Utah nonprofits, Sorenson Unity Center roll with recession

Story and photo by DEREK SIDDOWAY

In the midst of numerous stock market plummets, layoffs and home foreclosures, many people have come to rely on soup kitchens, housing services, welfare entities and charities such as the Salvation Army and Deseret Industries for basic necessities.

According to the Bureau of Labor Statistics, Salt Lake City’s unemployment rate was at 7.4 percent in August 2011. Online real-estate marketing company RealtyTrac reported 560 housing foreclosures in the city throughout September 2011.

With no economic relief in sight, nonprofit organizations in Utah are working tirelessly to meet an increased demand for their service. A 2011 report prepared by the Community Foundation of Utah and Wells Fargo paints a vivid picture.

According to the report, “The New Normal, Changes to Utah’s Nonprofit Economy in the Great Recession”: “Utah nonprofits are, like the families they serve, stretched to the limit,” In addition, “As many as 14 percent have no cash on hand, and are living paycheck to paycheck, much like many of the people who come to them for assistance.”

The report, presented to the Utah State Legislature in February 2011, indicates demand is continuing to increase. In 2009 and 2010, nearly 80 percent of Utah nonprofits saw an increased need for service. These findings hint that up to one-third of Utah nonprofits could be out of business if there is no relief in the immediate future. When the report was published, 70 percent relied on deficit spending or were operating on less than three months of reserve funding.

“There is basically no reserve fund left in the state of Utah for nonprofits,” said Nancy Basinger, assistant director and service-learning manager of the Lowell Bennion Community Service Center. She studied nonprofit interactions with the government for her doctorate research at the University of Georgia in 2003 and is a member of the advisory board at the Nonprofit Academy for Excellence in Professional Education at the University of Utah.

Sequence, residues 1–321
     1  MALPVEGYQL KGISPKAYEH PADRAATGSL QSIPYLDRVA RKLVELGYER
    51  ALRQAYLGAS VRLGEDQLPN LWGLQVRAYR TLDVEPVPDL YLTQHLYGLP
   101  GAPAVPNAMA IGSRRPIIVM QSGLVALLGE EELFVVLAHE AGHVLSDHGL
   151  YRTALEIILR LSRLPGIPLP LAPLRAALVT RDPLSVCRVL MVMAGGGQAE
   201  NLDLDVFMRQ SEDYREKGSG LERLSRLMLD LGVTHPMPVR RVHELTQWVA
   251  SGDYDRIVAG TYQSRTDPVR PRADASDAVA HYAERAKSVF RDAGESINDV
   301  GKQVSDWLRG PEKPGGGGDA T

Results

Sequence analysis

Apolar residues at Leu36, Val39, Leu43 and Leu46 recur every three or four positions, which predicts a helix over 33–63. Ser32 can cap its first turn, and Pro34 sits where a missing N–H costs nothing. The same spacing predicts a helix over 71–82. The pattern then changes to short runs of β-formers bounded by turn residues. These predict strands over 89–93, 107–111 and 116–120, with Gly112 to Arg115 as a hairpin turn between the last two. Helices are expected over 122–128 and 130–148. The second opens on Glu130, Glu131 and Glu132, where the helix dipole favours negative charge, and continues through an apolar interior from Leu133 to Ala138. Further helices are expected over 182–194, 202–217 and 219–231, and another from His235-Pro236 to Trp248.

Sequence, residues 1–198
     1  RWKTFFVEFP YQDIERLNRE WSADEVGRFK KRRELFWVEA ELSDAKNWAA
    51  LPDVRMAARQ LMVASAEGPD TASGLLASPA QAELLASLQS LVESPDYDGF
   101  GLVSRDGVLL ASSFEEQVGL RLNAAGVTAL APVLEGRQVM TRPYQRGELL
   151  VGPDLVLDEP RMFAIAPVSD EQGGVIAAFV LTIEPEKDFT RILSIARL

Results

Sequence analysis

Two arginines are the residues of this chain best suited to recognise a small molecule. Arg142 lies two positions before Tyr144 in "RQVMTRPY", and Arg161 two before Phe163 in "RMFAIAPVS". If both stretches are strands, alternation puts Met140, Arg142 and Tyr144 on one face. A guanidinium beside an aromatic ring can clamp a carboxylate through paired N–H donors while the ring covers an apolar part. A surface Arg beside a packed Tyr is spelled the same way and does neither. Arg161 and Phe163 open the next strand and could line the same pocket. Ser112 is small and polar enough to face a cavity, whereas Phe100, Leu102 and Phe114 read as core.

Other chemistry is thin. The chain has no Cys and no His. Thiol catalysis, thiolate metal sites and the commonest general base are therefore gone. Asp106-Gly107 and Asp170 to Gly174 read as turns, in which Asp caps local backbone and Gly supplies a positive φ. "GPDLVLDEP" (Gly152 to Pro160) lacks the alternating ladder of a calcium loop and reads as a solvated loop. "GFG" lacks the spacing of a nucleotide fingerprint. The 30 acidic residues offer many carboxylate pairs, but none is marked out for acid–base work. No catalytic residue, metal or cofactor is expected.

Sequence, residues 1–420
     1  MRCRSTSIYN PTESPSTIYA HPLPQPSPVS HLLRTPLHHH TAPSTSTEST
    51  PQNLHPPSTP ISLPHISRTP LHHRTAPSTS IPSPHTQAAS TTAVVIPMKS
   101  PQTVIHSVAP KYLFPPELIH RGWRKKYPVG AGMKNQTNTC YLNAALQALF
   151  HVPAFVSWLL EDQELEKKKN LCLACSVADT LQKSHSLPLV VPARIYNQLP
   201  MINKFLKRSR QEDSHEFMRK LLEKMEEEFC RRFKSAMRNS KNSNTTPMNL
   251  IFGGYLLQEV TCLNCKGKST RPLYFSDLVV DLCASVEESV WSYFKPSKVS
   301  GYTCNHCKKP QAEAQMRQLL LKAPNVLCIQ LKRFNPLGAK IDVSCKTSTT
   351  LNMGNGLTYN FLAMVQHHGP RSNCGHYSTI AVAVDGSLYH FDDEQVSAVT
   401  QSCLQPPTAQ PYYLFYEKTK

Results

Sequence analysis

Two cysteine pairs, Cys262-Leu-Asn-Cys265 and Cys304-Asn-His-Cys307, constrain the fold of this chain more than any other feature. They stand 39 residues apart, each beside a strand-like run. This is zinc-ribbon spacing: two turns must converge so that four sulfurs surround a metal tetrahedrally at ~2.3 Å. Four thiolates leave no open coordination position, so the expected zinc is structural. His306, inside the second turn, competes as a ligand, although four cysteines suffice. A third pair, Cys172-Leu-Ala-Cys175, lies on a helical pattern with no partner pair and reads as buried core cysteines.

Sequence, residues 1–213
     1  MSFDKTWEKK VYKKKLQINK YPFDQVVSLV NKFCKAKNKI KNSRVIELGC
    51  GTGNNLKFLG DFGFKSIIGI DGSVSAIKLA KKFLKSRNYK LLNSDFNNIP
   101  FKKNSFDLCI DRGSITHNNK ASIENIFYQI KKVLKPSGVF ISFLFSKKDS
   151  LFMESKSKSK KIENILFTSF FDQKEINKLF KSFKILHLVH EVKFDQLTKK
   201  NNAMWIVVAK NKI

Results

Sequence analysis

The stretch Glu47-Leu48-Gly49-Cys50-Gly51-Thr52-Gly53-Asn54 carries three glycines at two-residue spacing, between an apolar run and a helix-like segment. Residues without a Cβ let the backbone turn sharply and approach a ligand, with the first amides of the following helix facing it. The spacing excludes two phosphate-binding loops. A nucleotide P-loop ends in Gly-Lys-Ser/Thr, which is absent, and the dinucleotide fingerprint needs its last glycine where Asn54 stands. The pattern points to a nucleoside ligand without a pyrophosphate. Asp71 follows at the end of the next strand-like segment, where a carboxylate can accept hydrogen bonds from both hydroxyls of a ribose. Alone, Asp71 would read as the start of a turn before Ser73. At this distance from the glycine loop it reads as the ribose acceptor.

Basinger, who has published various reports and research projects concerning the nonprofit sector in Utah, said nonprofits suffer more in a down economy when demand rises and funding bottoms out. She is concerned over how nonprofits will continue to meet their obligations and serve the community if they are unable to make payroll.

“This is the rainy day and now we’ve got to really figure out what to do,” Basinger said. “The pot is smaller and the (number of) people donating is smaller.”

The pot may be shrinking while demand has done anything but. In addition to providing for the physical needs of their patrons, nonprofits have experienced an increased need for social and mental programs as well.

“Behaviors supported by social services are more in need because of job loss, at-home abuse, substance abuse and no health insurance,” Basinger said.

The Sorenson Unity Center houses a variety of nonprofit organizations selected through its Programming Partnership.

Some nonprofits have responded to these diverse needs by joining forces. For example, the Sorenson Unity Center has found that this strategy benefits patrons in addition to decreasing operational costs. The operation came about in 2008 when the Sorenson Multicultural Center and Salt Lake County approached the city government with a plan to run the center for a reduced cost. Located at 900 W. 1383 South, the Sorenson Unity Center provides services for the Glendale and Poplar Grove neighborhoods.

“Sorenson Unity Center is a way to bring organizations under one roof so that it’s not so difficult to have a million nonprofit organizations competing for the same dollars,” Basinger said. “(Salt Lake City) has decided that it is in its interest as a supporter of society to support the work of those nonprofit organizations. They are working together and accomplishing twice and much with the same dollars.”

Angela Romero, Sorenson Unity Center’s program director, is responsible for the selection of nonprofit organizations through its Programming Partnership. She describes her job supervising the partnership as a way to provide opportunities for the community that would be otherwise unavailable. Nonprofits seeking to use the Sorenson Unity Center’s resources must show Romero the services they will provide to the community before they are approved.

“We want to be a resource through the programs we provide,” Romero said. “We hope individuals can take away something that will help them in dealing with the current economic environment.”

According to its annual report, the Sorenson Unity Center had a total of 8,334 participants in programming activities for the 2010-2011 fiscal year. Overall, the center and its affiliates served more than 18,000 patrons during the past fiscal year. These affiliates — Unity Computer Center, Computer Clubhouse, Donated Dental, Fitness Center, Child Care and general events and meetings — saw a total of 74,283 visitors during the same period.

However, the Sorenson Center and its affiliates receive financing through city funding. This steady source of revenue allows the center to maintain its facilities for the community’s use without wondering where the next check is coming from.

“I think what the recession has done is (create) a greater need for us to provide quality services for individuals that are in our community,” Romero said. “Hopefully more people are able to access the programs we have here.”

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